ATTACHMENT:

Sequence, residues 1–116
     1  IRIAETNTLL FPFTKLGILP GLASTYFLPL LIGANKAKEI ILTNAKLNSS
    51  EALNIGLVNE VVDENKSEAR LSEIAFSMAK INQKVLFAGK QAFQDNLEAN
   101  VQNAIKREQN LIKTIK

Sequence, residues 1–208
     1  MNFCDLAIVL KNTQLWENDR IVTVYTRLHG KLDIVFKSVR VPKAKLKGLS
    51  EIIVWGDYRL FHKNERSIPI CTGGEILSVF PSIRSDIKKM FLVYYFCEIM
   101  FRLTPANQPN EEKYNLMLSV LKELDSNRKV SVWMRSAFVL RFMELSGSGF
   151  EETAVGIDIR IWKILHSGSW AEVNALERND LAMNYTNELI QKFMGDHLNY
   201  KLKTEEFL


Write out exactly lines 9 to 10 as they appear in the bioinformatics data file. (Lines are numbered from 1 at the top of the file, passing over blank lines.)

   151  EETAVGIDIR IWKILHSGSW AEVNALERND LAMNYTNELI QKFMGDHLNY
   201  KLKTEEFL